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Friday, November 2, 2007

Rice To Face Subpoena in AIPAC Spy Case

Rice to Face Subpoena in Espionage Case

Judge Approves Subpoenas for Rice, Other Officials in Israeli Spy Case

WASHINGTON Nov 2, 2007 (AP)

Secretary of State Condoleezza Rice and other senior intelligence will be subpoenaed to discuss their discussions with pro-Israel lobbyists, a federal judge ruled Friday in an espionage case.

Lawyers for two former American Israel Public Affairs Committee lobbyists facing espionage charges have subpoenaed Rice, National Security Adviser Stephen Hadley, Deputy National Security Adviser Elliott Abrams and several others to testify at their trial next year. Prosecutors had challenged the subpoenas in federal court.


FBI Seizes Computer From AIPAC Offices

AIPAC and Espionage: Guilty as Hell

AIPAC trial judge authorizes defense to subpoena Rice, Hadley

By Shmuel Rosner

The United States judge presiding over the trial of two former staffers of a pro-Israel lobby who are accused of giving Israel classified information approved Friday subpoenas for top U.S. officials, including Secretary of State Condoleezza Rice and National Security Advisor Stephen Hadley.

Steven Rosen and Keith Weissman, former senior staffers at the American Israel Public Affairs Committee (AIPAC), are accused of conspiring with a former Pentagon analyst to communicate national defense information to persons not entitled to receive it, including foreign government officials, policy analysts and the media.

U.S. District Judge T.S. Ellis in Alexandria, Virginia has approved 16 of the 20 subpoenas of current and former officials requested by the defense.

Rosen and Weissman had asked to subpoena the officials, with whom they held meetings, saying "the testimony of these persons will negate the government's contention that the information defendants obtained and disclosed was NDI [National Defense Information] by showing that this information was neither closely held by the U.S. government, nor were the disclosures of this information damaging to the U.S."

The defendants argue that the U.S. government's use of AIPAC as a "back channel" to advance U.S. foreign policy goals calls into question whether they could have been expected to know that they were committing a crime by passing on the information.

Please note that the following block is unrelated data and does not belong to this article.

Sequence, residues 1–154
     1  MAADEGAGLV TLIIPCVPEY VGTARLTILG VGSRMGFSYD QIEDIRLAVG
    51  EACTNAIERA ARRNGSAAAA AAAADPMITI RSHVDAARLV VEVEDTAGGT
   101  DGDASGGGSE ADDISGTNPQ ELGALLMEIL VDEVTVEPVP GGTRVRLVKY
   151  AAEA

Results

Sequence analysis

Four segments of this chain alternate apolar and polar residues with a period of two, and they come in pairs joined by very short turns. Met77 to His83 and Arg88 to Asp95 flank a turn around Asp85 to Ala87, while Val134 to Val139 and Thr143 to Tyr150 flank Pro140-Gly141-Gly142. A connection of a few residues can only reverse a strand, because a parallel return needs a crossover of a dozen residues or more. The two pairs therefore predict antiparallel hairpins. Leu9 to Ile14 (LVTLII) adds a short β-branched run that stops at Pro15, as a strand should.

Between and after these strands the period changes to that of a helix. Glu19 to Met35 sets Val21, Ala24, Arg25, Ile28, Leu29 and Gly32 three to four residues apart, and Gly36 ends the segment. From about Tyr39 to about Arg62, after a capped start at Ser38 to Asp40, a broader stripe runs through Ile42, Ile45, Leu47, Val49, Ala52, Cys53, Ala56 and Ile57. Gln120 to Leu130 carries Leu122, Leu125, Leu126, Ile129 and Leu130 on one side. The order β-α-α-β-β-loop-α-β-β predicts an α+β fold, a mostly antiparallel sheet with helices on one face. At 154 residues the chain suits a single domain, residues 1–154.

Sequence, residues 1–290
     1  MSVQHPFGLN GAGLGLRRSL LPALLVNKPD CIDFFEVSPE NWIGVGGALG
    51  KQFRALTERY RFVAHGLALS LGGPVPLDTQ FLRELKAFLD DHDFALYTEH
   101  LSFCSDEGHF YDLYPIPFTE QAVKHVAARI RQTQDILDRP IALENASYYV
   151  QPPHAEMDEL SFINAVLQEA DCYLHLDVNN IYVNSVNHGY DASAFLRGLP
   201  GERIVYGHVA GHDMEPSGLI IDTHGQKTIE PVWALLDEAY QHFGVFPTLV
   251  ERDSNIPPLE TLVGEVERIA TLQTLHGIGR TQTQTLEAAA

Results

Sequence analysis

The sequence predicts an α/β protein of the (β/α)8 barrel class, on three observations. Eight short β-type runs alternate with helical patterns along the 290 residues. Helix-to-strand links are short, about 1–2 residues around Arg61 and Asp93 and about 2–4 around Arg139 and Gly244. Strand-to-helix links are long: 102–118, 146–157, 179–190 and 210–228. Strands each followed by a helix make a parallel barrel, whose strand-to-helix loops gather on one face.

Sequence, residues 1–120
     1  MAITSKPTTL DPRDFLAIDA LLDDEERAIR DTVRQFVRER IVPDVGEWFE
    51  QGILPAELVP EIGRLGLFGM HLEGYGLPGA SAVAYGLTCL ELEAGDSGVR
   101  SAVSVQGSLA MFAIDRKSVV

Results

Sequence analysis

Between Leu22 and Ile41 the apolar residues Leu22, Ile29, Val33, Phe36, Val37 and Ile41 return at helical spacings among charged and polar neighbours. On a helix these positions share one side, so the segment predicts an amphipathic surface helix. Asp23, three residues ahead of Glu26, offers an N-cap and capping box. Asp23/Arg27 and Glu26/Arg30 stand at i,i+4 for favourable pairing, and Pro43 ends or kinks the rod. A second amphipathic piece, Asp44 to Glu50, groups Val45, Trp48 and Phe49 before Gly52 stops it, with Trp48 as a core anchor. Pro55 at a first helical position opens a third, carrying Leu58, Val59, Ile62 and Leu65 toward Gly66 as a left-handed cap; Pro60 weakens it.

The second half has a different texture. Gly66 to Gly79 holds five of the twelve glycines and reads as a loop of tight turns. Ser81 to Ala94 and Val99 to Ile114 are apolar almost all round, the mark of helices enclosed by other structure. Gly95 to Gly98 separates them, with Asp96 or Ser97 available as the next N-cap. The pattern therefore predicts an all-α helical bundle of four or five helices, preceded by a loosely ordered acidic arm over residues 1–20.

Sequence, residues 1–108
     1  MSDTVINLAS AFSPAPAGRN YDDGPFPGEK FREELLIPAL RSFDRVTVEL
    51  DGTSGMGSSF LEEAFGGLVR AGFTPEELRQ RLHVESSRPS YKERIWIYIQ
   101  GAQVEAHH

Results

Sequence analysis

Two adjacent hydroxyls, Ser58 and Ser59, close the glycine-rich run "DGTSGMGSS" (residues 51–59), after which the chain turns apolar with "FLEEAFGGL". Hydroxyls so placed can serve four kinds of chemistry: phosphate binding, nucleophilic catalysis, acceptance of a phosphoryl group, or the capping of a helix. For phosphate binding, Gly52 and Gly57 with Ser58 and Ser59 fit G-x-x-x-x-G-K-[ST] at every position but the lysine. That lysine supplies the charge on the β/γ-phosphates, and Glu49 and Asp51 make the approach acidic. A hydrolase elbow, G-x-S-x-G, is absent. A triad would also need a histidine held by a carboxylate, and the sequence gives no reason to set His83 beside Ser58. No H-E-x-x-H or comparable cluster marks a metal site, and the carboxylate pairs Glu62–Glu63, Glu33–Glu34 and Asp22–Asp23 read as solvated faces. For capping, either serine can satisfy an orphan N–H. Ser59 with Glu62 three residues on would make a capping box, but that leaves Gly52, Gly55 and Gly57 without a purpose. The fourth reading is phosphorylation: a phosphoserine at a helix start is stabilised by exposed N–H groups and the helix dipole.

The government opposed 16 of the requests, including those to call Rice and Hadley to testify.

The judge overruled most of the objections, saying the "defendants are entitled to show that, to them, there was simply no difference between the meetings for which they are not charged and those for which they are charged ... and that they believed that the meetings charged in the indictment were simply further examples of the government's use of AIPAC as a diplomatic back channel."

Rosen's attorney Abbe Lowell issued a statement on both defendants' behalf praising the ruling, saying it would help the defense prove that his client's behavior was both "lawful" and "completely consistent" with the practices of AIPAC.

The trial has been scheduled to begin in January.

Among the other subpoenas approved were for White House deputy national security adviser Elliott Abrams, former deputy secretary of state Richard Armitage, former deputy secretary of defense Paul Wolfowitz and former undersecretary of defense Douglas Feith.

A former Pentagon analyst, Lawrence Franklin, has pleaded guilty in the espionage case to disclosing information to Rosen and Weissman from early 2002 through June 2004. Ellis also approved a subpoena for Franklin.

Asked about the Rice subpoena, U.S. State Department spokesman Tom Casey said, "We are not going to comment on an ongoing legal matter. I would refer you to the Department of Justice."

A Justice Department spokesman had no comment.


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